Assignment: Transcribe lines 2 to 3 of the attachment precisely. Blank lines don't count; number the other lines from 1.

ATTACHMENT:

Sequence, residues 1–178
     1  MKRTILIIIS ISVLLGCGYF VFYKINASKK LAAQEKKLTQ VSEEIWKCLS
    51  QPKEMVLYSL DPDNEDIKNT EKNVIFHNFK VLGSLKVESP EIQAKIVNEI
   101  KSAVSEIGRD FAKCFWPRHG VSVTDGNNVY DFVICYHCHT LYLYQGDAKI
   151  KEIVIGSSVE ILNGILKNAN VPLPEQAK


     1  MKRTILIIIS ISVLLGCGYF VFYKINASKK LAAQEKKLTQ VSEEIWKCLS
    51  QPKEMVLYSL DPDNEDIKNT EKNVIFHNFK VLGSLKVESP EIQAKIVNEI